When Bo Byrne accepted the position of chef de cuisine at Tiqa in Portland last October, he had never cooked Mediterranean food professionally.

Tiqa serves food from the pan-Mediterranean belt that includes more than a dozen countries. Byrne visited Ireland in college, but other than that he has not been outside of the United States. Before joining the staff at Tiqa – he’s now executive chef there – he’d never even made hummus “the right way.”

“For me to have an opportunity to come into a spot and basically be on Page 1 from the start was exciting and kind of scary all at once,” Byrne said.

Diners are used to hearing restaurant gossip about which chef is moving where, but occasionally some head-scratching news surfaces. Byrne jumps to Tiqa. Matt Ginn, former chef de cuisine preparing creative American fare at Five Fifty-Five, signs on for the chef gig at Portland’s Evo Kitchen & Bar, which focuses on eastern Mediterranean food. Frenchman Frederic Eliot, former chef at the French bistro Petite Jacqueline, plunges into the pseudo-exotic world of American tiki food, while awaiting development of his new French restaurant. And when Christopher Bettera buys New Orleans-style restaurant Po’ Boys & Pickles, as he did last year, although he’d certainly eaten Cajun/Creole food before, he’d never actually set foot in the Big Easy.

For the average person, the idea of taking over the kitchen at a restaurant specializing in an unfamiliar cuisine is like hopping into a Formula One race car when you’ve never driven anything but a Volkswagen Bug.

How do chefs make the transition from the comfortably familiar to the unknown?

“I was very intimidated at first,” Ginn said. “The first two books I bought (on Mediterranean food), I thought ‘Holy cow, what am I getting myself into?’ ”

Chefs say they take the leap to stretch themselves and to learn something new. Their strategies for tackling the challenge aren’t so different from anyone’s strategies learning new skills. For chefs, that includes reading, traveling and lots of experimentation in the kitchen.

“This seemed like a great opportunity to manage a kitchen and to force myself to learn new techniques, new ingredients, new flavor profiles,” Ginn said, “because it’s easy to fall into a state of complacency.”

Ginn spent 10 years focusing on French fine dining and tasting menus in Portland and Boston before switching to eastern Mediterranean food and small, mezze-style plates when Evo opened last June.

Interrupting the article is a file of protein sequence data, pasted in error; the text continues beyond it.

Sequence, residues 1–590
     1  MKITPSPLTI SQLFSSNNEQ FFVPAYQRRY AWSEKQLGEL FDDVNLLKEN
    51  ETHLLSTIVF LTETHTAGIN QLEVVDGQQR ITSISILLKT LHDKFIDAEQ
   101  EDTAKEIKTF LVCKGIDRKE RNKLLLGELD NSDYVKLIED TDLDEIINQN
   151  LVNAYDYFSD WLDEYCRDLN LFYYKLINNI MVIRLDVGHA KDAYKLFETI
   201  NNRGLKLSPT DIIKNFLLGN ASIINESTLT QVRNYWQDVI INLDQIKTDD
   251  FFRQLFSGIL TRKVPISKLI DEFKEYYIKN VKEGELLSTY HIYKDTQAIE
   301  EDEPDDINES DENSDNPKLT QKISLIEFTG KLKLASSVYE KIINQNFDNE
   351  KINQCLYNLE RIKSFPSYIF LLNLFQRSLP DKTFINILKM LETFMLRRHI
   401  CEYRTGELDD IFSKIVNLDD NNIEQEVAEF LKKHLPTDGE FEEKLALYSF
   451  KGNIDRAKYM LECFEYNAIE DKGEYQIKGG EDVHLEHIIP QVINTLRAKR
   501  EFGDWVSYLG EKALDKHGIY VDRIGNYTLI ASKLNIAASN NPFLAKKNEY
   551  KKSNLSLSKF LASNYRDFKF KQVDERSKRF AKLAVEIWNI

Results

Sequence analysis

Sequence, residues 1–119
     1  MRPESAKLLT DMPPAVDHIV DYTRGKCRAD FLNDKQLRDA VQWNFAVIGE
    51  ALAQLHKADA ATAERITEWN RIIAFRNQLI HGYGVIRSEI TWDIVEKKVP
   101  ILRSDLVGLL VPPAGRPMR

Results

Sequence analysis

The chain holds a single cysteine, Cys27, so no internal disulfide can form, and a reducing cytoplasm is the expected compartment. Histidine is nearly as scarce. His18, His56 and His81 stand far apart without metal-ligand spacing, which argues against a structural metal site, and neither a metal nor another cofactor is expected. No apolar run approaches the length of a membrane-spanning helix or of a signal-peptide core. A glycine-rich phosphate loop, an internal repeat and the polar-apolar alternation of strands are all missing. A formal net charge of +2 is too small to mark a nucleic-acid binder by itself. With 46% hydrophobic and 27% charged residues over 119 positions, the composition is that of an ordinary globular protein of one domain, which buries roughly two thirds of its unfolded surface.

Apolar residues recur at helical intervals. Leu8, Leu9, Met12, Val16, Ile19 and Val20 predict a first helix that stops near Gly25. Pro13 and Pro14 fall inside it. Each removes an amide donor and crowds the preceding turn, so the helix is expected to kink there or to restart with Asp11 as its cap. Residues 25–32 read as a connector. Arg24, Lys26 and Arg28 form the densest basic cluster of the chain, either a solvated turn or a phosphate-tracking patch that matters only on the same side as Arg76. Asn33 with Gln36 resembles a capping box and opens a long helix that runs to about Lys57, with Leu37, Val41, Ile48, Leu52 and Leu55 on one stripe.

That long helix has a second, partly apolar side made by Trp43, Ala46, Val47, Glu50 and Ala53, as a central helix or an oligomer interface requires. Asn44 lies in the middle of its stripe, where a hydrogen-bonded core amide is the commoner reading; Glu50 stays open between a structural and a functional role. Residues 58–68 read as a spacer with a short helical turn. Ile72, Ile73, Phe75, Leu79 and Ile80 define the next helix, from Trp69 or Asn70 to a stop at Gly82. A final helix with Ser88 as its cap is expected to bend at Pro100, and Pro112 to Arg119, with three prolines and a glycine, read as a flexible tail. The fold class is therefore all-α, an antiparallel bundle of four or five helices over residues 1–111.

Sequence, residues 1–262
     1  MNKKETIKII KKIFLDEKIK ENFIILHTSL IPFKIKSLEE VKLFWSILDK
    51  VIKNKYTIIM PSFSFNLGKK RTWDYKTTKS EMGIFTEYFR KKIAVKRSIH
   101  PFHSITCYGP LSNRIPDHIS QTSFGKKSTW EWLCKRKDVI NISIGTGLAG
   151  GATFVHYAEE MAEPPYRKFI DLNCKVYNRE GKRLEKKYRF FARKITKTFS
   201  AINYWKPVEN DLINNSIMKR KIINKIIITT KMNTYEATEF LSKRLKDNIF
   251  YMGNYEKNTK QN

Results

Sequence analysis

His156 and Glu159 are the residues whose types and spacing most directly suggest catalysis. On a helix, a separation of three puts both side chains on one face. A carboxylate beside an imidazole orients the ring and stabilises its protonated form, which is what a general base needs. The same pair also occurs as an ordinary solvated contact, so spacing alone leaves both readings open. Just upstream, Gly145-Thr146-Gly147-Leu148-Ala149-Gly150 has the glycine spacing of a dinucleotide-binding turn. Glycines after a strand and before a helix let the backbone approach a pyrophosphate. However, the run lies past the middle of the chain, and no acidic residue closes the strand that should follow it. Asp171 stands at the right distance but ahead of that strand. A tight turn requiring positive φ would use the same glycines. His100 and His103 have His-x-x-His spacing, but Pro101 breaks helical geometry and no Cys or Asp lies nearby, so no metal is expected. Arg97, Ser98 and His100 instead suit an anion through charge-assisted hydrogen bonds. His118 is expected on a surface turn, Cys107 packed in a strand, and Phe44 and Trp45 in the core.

To prepare, Ginn bought lots of cookbooks and spent a few weeks helping then-executive chef Brandon Hicks test recipes. Ginn then stage-ed – kitchen speak for short apprenticeships – for a couple of days at Oleana in Boston, hoping to draw upon that restaurant’s model of serving up “big, bold flavors and unique spice combinations” while still using ingredients from New England farms.

He also spent time at Central Provisions in Portland and six or seven weeks at Tao in Brunswick, working for minimum wage so he could learn how to do small plates in an elegant setting.

Ginn said the intimidating aspects became much more approachable once he got his hands on the food. A successful dish, he said, all comes back to tasting the food and making sure it’s balanced – no matter which country it’s from.

His most difficult adjustment has been letting go of the way he had thought about elements on a plate – starch, protein, sauce, texture, acid – and learning to focus on dishes like cauliflower and tahini that leave fish or meat off the plate entirely.

“Not having those restrictions was an awesome thing, but it took me a while to think that way,” Ginn said.

EVEN MORE CHANGES

Bo Byrne has had his own set of adjustments to make. When he left David’s Opus 10 in October, he was not only leaving behind new American cuisine for Mediterranean, he was also exchanging small plates served in an 18-seat restaurant for a venue with more than 300 seats. He prepared for the transition by reading everything he could get his hands on, including “The Food of Morocco” by Paula Wolfert and anything by Yotam Ottolenghi.